117. Lê KA, Ith M, Kreis R, Faeh D, Bortolotti M, Tran C, et al. Fructose overconsumption causes dyslipidemia and ectopic lipid deposition in healthy subjects with and without a family history of type 2 diabetes. Am J Clin Nutr. (2009) 89:1760–5. doi: 10.3945/ajcn.2008.27336
118. Stanhope KL, Medici V, Bremer AA, Lee V, Lam HD, Nunez MV et al. A dose-response study of consuming high-fructose corn syrup-sweetened beverages on lipid/lipoprotein risk factors for cardiovascular disease in young adults. Am J Clin Nutr. (2015) 101:1144–54. doi: 10.3945/ajcn.114.100461
119. Mirmiran P, Yuzbashian E, Asghari G, Hosseinpour-Niazi S, Azizi F. Consumption of sugar sweetened beverage is associated with incidence of metabolic syndromein Tehranian children and adolescents. Nutrition & Metabolism. (2015) 12:25. doi: 10.1186/s12986-015-0021-6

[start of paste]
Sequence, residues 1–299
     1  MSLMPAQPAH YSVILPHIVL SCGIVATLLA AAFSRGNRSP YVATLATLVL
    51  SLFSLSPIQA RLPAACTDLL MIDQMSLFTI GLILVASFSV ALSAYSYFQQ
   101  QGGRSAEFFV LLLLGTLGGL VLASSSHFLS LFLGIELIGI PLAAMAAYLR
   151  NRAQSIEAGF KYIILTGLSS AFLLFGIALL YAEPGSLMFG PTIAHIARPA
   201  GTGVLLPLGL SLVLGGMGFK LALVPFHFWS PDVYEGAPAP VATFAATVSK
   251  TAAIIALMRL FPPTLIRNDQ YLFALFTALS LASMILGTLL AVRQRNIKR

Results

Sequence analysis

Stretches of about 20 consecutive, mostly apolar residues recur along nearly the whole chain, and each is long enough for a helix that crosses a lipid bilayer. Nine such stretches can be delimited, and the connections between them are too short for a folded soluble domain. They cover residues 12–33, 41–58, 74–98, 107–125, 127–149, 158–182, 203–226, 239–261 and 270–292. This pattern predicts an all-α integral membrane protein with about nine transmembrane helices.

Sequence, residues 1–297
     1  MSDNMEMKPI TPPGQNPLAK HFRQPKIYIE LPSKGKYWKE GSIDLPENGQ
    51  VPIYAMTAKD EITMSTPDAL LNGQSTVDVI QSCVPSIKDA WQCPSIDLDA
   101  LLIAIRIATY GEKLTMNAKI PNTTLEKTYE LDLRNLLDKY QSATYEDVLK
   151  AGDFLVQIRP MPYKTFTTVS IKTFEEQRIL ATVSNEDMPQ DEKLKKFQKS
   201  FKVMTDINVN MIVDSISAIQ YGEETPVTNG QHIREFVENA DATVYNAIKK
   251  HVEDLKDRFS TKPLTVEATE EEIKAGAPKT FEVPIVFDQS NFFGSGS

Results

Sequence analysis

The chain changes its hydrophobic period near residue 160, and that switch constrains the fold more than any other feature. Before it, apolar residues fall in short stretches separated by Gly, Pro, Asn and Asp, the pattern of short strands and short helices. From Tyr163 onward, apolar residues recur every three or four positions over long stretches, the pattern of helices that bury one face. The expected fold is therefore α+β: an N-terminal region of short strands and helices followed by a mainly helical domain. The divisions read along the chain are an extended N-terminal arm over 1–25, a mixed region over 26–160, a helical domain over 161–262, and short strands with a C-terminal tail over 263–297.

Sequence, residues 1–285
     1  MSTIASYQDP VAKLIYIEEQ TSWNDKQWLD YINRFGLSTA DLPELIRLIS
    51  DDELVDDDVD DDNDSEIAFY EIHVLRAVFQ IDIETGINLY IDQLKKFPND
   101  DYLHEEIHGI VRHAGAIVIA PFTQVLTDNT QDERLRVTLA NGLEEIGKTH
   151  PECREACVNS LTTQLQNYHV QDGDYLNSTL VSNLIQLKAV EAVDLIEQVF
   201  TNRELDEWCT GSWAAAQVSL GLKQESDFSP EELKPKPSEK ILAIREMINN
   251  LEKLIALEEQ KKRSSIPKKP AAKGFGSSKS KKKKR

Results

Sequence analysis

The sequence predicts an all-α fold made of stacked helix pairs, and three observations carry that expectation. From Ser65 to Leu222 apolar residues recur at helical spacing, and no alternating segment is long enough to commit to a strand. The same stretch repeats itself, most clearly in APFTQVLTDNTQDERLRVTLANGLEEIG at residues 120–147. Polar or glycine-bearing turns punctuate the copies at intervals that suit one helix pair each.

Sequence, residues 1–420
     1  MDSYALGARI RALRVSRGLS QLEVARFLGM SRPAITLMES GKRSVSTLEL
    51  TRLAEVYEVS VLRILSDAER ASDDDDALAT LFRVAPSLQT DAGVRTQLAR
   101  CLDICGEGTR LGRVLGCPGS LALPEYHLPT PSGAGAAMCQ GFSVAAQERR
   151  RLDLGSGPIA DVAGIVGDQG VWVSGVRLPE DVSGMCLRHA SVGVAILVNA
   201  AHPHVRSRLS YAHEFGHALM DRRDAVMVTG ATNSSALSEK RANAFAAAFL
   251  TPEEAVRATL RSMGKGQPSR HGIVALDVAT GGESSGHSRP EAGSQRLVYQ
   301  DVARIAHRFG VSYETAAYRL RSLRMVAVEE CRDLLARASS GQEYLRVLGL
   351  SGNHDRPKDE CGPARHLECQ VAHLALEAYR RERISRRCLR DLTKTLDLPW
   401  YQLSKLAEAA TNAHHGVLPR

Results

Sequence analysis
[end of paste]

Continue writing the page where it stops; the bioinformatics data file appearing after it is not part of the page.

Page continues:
120. Chiu S, Siri-Tarino P, Bergeron N, Suh JH, Krauss RM. A randomized study of the effect of replacing sugar-sweetened soda by reduced fat milk on cardiometabolic health in male adolescent soda drinkers. Nutrients. (2020) 12:405. doi: 10.3390/nu12020405
123. Abdelmalek MF, Suzuki A, Guy C, Unalp-Arida A, Colvin R, Johnson RJ, et al. Increased fructose consumption is associated with fibrosis severity in patients with nonalcoholic fatty liver disease. Hepatology. (2010) 51:1961–71. doi: 10.1002/hep.23535
124. Ouyang X, Cirillo P, Sautin Y, McCall S, Bruchette JL, Diehl AM, et al. Fructose consumption as a risk factor for nonalcoholic fatty liver disease. J Hepatol. (2008) 48:993–9. doi: 10.1016/j.jhep.2008.02.011
125. Schultz A, Neil D, Aguila MB, Mandarim-de-Lacerda CA. Hepatic adverse effects of fructose consumption independent of overweight/obesity. Int J Mol Sci. (2013) 14:21873–86. doi: 10.3390/ijms141121873